After big loss, UH Wahine volleyball does a little soul searching

After big loss, UH Wahine volleyball does a little soul searching

HONOLULU (HawaiiNewsNow) - For the first time in nearly four decades, the Rainbow Wahine are starting their season 0-3 after getting swept in their first tournament of the year.

As the team continues to learn to adjust to life in the post-Dave Shoji era, Hawaii's new head Coach Robyn Ah Mow-Santos says she learning, too.

And for her, the team's slow start to the season has been full of lessons.

"Patience, patience. It's not going to come easy," said Ah Mow-Santos, when discussing what she learned from the team's first three matches of the year. "It's going to take time, because I'm a new coach, for the girls to get used to a different culture in the gym and a different way of coaching."

While the team is starting off winless after their first weekend in the Stan Sheriff Center for the first time since 1980, Ah Mow-Santos says she's already seen a shift in her team.

After falling to San Diego on Saturday in a sweep, Hawaii was able to force a No. 13 UCLA team to five sets on Sunday in a game that Ah Mow-Santos says felt like a victory.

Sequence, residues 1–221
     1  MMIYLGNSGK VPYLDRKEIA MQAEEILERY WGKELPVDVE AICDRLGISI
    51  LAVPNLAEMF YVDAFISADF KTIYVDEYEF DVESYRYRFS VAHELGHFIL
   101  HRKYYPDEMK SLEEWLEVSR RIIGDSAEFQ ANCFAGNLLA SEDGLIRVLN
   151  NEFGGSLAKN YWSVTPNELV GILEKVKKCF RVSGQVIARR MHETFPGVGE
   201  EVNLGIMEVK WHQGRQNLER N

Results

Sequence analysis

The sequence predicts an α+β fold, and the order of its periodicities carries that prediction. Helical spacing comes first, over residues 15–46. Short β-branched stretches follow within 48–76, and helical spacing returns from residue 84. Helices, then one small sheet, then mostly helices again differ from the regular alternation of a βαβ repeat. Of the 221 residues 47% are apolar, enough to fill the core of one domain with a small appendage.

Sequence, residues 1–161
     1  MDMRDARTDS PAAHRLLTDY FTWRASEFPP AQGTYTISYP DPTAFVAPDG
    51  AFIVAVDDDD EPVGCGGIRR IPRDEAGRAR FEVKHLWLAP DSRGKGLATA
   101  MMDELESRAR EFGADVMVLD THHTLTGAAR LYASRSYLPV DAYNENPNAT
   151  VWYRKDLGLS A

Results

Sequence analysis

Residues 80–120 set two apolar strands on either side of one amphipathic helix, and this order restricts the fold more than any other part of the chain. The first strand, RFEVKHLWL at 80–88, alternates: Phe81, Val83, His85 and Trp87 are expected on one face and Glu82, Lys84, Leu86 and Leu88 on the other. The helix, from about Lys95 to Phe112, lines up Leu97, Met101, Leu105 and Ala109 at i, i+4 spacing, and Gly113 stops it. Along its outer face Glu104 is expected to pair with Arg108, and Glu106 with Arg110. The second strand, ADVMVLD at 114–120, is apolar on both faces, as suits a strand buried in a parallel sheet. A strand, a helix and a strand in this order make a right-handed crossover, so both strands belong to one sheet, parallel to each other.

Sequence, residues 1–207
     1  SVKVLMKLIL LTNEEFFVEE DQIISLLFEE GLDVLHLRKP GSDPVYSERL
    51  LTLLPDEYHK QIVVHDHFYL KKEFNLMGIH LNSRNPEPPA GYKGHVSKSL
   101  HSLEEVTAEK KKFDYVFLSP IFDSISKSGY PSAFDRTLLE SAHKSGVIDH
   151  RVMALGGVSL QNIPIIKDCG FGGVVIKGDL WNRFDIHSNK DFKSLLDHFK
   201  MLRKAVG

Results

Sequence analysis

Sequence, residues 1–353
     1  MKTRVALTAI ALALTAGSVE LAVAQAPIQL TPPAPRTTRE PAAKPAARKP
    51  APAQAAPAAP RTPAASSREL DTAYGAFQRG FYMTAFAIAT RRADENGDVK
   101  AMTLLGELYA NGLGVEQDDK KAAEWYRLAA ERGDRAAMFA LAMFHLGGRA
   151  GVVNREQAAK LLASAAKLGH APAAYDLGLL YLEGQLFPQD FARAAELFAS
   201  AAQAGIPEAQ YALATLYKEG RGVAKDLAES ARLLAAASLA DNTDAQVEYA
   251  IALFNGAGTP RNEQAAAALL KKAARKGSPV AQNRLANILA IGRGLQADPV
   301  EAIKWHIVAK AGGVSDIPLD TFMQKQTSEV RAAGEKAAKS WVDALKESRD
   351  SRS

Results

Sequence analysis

"I felt like we won. We won in the sense that the girls are moving forward," said Ah Mow-Santos about the match against the Bruins. "They're figuring it out. We got to get down. We got to get going, We got to get playing together."

Part of "figuring it out" included an impromptu Saturday night practice after the team lost to the Toreros in straight sets. There, the team had a long discussion about what wasn't working, and what they needed to do to take a collective step forward.

"I said a lot of things," said Ah Mow-Santos. "But the one thing I tapped on is we've all sacrificed a lot to get to where we're at. Like, I've sacrificed a lot, my parents sacrificed a lot ... so did all of (the team)."

Ah Mow-Santos says she reminded her team what each girl gave up in order to become a Division I volleyball player.

"(They) were in the volleyball gym. If (they) weren't, then they were competing. (They) didn't have normal summers. (They) sacrificed a lot to get to where they're at. There's 18 standing here," she said. There could be 6,000 girls that want this place. There's only 18 here. (They) have to know what that means. That's how you walk into the arena. That's how you walk into practice."

Ah Mow-Santos and a number of her players say it's that conversation that helped the team develop a a new found understanding of each other and their coach ahead of Sunday's match. It's a closeness they hope they can continue to build on.

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